He killed Aleki Tali, 41, and Chris Cole, 61. Leo Wilson, just six, died on his shiny new bike. Finally, he killed Sergeant Stu Guthrie, 41. Then he hid from police, their reinforcements and the military for more than 20 hours, prowling round in the dark as people cowered on the floors of their homes not knowing if or when the gunman would appear at their doors or windows and murder them.
Out of the blue, released on March 14, is the first film about New Zealand's biggest mass murder, a poignant, harrowing and honest portrayal, with no Hollywood sensationalism about it. It has all the chilling echoes of Hungerford, even though it happened 12,000 miles away.
Chiquita & Jasmine Holden
INNOCENTS: Chiquita (Geogia Fabish) and sister Jasmine(Danaka Wheeler) in Out Of The Blue
Eighteen years later, the people of Aramoana still find it hard to talk about the day that changed their lives forever. Many of them have coped with their loss by burying it in silence, some have moved away. Chiquita Holden, the nine-year-old girl who ran across David Gray's land and sparked the argument between her father, Garry, and the gunman, even changed her name. Now aged 29 she has spoken out, and has also worked closely with the 14-year -old actress Georgia Fabish, who plays her in the film.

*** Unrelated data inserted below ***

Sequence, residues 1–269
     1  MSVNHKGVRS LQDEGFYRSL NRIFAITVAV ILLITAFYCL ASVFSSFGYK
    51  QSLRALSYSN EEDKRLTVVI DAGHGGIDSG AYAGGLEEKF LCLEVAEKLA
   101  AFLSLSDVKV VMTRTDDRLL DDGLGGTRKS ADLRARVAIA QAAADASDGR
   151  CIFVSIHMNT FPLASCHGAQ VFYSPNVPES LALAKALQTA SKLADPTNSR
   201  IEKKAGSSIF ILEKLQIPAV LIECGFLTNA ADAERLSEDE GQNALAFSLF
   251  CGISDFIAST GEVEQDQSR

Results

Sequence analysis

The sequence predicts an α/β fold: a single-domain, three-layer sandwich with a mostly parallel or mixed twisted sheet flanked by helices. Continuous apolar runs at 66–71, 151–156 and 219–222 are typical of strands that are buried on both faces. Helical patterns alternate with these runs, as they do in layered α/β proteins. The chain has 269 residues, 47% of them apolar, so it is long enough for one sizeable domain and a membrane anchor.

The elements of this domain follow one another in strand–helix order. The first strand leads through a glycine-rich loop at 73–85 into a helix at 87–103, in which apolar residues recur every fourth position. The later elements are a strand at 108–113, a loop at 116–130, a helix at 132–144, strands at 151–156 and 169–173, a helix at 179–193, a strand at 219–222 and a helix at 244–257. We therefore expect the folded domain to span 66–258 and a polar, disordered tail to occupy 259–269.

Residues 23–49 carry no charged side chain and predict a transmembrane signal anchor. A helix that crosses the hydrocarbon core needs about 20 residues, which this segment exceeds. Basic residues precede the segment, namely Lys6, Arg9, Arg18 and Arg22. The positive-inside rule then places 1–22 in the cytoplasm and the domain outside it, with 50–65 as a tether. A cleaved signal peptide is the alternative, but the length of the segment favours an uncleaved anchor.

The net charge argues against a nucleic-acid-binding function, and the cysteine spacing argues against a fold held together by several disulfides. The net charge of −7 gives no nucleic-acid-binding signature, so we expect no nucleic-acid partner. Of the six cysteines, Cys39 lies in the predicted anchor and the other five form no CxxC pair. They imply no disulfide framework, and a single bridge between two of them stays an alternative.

"I think it was the force of the shot into my stomach that sent me out the door," she said in a choking voice. "I got up and ran past my father lying on the ground. I think I knew he was dead."
Bleeding heavily, Chiquita ran to the house of her father's girlfriend, Julie Anne Bryson. "I said, 'David's gone crazy. He shot me and he shot Dad'," Chiquita remembers. "I was in survival mode. It must have been the adrenaline."
Shocked Julie Anne had a horrific decision to make. She drove to her partner's house, which Gray had set on fire, and realised that her daughter, Rewa Bryson, and Chiquita's sister Jasmine were trapped inside. But Chiquita was bleeding heavily and moaning beside her in the truck while Gray was standing there shooting at them.
Bill O'Brien, a policeman in charge of the response team and the man who has written Out Of The Blue, spoke to me exclusively from New Zealand.